If dependence is the goal, weakness is the advantage.
I didn’t come up with that phrase. One of my pastors did. I have found myself using it often in the last few weeks though.
It’s been a great reminder during the highs and lows of the last month. If you read my most recent post, you heard about the great adventure God gave me in Albania.
My post focused on my team because great fellowship and teamwork are some of my favorite things. Enjoying those things can be a double edged sword though. While I came back to a wonderful home, I didn’t wake up and have breakfast (and every other meal) with my team.
There also wasn’t a morning devotional where we talked about what God is teaching us. And I didn’t get to charge into doing work for the kingdom standing shoulder to shoulder with other believers. It was a dramatic transition and it hurt.
My first reaction to this pain was to deny it’s existence. This started even before I got home. I repeated to myself the same thing multiple times on the last couple days of the trip.
‘It’s not gonna be as bad as past trips.’
I thought going through the same emotional rollercoaster in years past would prepare me. Surely I could handle it this time. The problem is getting hit in the gut does not make the next hit hurt less.
When the transition impacted me the same as before, I chalked it up to let lag. I told myself I would get over it. This happened even as I warned the others on the trip to not ignore this problem.
I should have listened to my own advice. God likes to use imperfect people to deliver perfect truths. Often, those imperfect people need those truths just as much as the listeners.
I needed my next piece of advice even more. When I talked to teammates about dealing with transitioning home, I told them to lean into God. This advice came from knowing the truth behind the idea of ‘weakness is an advantage’.
Like many hard times, God is the best source of comfort and strength when I transition home. It’s not my first instinct to run to him though. My first thoughts tend to be plans on how to cope with painful or difficult things in life.
Coping can take on many forms.
If it makes me feel good, I want it. My hope is to cover up all the bad feelings with enough good feelings. This is the worst plan and it somehow gets the most attempts.
Though God has provided for me in the past, why don’t I run to him first? I think the answer is I don’t like the idea of being weak. It makes my stomach tighten to even admit my weakness to myself.
There’s probably a variety of reasons for this. Maybe I wrongly assume some of my rejections or wounds earlier in my life were a result of weakness. Maybe I hope to pretend to be strong until both the old and new wounds heal.
For one, every heart can be wounded; from the weakest to the strongest. And for two, hoping to pretend at strength until healing comes does not work. I have tried it on quite a few occasions and some of the attempts were measured in years.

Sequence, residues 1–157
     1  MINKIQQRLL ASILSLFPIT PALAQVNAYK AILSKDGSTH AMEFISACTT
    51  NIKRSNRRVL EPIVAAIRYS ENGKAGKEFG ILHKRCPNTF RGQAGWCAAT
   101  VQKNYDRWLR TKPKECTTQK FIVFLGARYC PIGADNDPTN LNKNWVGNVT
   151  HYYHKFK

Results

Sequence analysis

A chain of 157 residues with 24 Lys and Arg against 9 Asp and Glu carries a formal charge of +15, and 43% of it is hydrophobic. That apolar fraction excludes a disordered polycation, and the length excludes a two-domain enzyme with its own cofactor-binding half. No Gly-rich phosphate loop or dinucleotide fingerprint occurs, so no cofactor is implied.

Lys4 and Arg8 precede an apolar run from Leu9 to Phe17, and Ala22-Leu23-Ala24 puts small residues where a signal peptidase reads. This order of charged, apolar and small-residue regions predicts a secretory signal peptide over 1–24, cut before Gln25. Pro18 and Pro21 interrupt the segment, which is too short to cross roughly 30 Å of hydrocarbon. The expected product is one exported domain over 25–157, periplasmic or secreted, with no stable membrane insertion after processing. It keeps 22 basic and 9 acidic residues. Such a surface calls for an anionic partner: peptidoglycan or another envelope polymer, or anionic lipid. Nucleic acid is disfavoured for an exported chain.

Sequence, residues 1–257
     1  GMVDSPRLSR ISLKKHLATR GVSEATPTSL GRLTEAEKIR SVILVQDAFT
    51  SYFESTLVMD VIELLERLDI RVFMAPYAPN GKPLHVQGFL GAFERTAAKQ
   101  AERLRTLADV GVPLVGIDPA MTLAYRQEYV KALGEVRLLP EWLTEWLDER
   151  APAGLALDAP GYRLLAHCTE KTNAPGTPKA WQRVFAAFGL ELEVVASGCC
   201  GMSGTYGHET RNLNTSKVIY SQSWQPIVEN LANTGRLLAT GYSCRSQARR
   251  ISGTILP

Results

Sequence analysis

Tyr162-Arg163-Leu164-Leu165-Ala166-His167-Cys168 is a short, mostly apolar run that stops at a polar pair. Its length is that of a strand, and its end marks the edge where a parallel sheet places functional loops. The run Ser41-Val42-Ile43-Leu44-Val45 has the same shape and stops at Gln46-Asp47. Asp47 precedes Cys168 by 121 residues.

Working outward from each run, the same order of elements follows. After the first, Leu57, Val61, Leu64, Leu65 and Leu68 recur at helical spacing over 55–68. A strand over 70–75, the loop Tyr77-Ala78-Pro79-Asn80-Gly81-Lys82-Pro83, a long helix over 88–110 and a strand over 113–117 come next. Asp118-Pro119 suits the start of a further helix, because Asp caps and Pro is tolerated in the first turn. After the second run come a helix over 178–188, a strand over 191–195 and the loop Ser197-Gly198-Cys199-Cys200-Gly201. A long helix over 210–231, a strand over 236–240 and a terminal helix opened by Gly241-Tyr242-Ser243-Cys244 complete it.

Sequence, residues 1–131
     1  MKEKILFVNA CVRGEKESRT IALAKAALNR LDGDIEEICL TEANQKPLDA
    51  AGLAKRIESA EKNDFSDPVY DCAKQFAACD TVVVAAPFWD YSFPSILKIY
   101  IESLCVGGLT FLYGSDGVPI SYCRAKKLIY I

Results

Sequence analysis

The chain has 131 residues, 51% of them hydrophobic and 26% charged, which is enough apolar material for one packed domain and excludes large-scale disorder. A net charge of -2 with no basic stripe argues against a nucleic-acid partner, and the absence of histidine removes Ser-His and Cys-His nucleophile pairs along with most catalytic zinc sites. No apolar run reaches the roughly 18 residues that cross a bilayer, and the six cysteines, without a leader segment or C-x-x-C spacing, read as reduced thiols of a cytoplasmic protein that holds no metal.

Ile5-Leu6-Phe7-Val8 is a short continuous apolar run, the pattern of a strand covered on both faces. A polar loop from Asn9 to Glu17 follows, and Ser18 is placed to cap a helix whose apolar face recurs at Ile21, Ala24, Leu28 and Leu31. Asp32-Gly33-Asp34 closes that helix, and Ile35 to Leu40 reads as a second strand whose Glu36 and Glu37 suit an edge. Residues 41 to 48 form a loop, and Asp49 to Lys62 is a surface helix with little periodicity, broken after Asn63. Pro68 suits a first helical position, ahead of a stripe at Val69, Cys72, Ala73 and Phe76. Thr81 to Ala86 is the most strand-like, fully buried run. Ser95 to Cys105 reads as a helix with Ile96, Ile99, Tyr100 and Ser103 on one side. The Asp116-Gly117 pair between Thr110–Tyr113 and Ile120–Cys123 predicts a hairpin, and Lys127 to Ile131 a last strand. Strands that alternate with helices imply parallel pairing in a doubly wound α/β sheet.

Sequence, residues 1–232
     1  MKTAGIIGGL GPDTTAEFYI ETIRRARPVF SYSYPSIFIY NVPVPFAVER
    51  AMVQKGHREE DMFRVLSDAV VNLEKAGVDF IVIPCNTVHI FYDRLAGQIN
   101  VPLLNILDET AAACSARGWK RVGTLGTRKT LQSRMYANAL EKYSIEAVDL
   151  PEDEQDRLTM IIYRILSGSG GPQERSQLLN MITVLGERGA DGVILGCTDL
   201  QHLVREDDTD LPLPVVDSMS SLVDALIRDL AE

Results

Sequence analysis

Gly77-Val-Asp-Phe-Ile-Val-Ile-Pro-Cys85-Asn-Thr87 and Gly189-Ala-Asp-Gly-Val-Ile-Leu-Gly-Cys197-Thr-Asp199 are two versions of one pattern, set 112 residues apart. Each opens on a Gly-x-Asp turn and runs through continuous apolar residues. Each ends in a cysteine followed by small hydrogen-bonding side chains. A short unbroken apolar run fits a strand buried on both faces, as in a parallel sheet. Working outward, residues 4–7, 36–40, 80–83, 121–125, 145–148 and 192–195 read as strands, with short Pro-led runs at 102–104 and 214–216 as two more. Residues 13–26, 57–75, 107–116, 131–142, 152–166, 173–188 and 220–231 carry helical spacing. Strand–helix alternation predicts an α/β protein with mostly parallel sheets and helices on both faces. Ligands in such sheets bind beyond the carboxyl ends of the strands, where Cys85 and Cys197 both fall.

During those years, I pretended at strength while I felt great pain inside.
Being hurt is a hard place to be. In my experience though, it’s not the worst place to be. I say that because it’s much easier for me to experience God’s love while I am hurting.
I still struggle with trying to earn God’s love or thinking that I have to be valuable enough for him to care about me. The truth is God loved me while I was his enemy and his love has neither increased or decreased. His value of me was beyond my comprehension when I offered him nothing.
‘but God shows his for us in that while we were still sinners, Christ died for us.’ Romans 5:8
His value of me would have stayed the same if I trusted in Christ moments before I left this world.
This is a hard truth to get from my head to my heart. It is easier when I am weak and hurting though. During those times, my heart knows I have nothing to offer God.
One of my pastors describes children as need surrounded by noise. This description has fit me on more than a few occasions even after I left my childhood behind. Being need surrounded by noise is not always the easiest time.
That said, those times have been incredible opportunities to experience God’s love for me. In those times, I know I can’t depend on myself to offer anything to God or other people. God still pours his love out to me and invites me to experience intimacy with him.
It is hard to even write those words without getting emotional.
I don’t know what it looks like to walk through this season of your life. It’s fair to assume there is something difficult about it or that difficulty might arrive soon. I am not happy about hard circumstances.
I am telling you an opportunity sits in front of you or is on it’s way. It’s an opportunity to learn the value of dependence. It’s an opportunity for your heart to learn about God’s love for you.
I will not think less of you if you don’t take those opportunities. Many of my opportunities have come and gone. More importantly, God will not be upset, disappointed, or think less of you for not taking the opportunity.
He doesn’t hope for you to measure up. He hopes for you to learn more about how much he cares about you. And for you to experience that care.
What’s a difficulty in your life, big or small, that you can take to God today? Can you rest today in knowing that you don’t have the strength to conquer every problem in your life? Can you let your heart sit in the truth that God’s care for you has nothing to do with your strength or ability to handle life?
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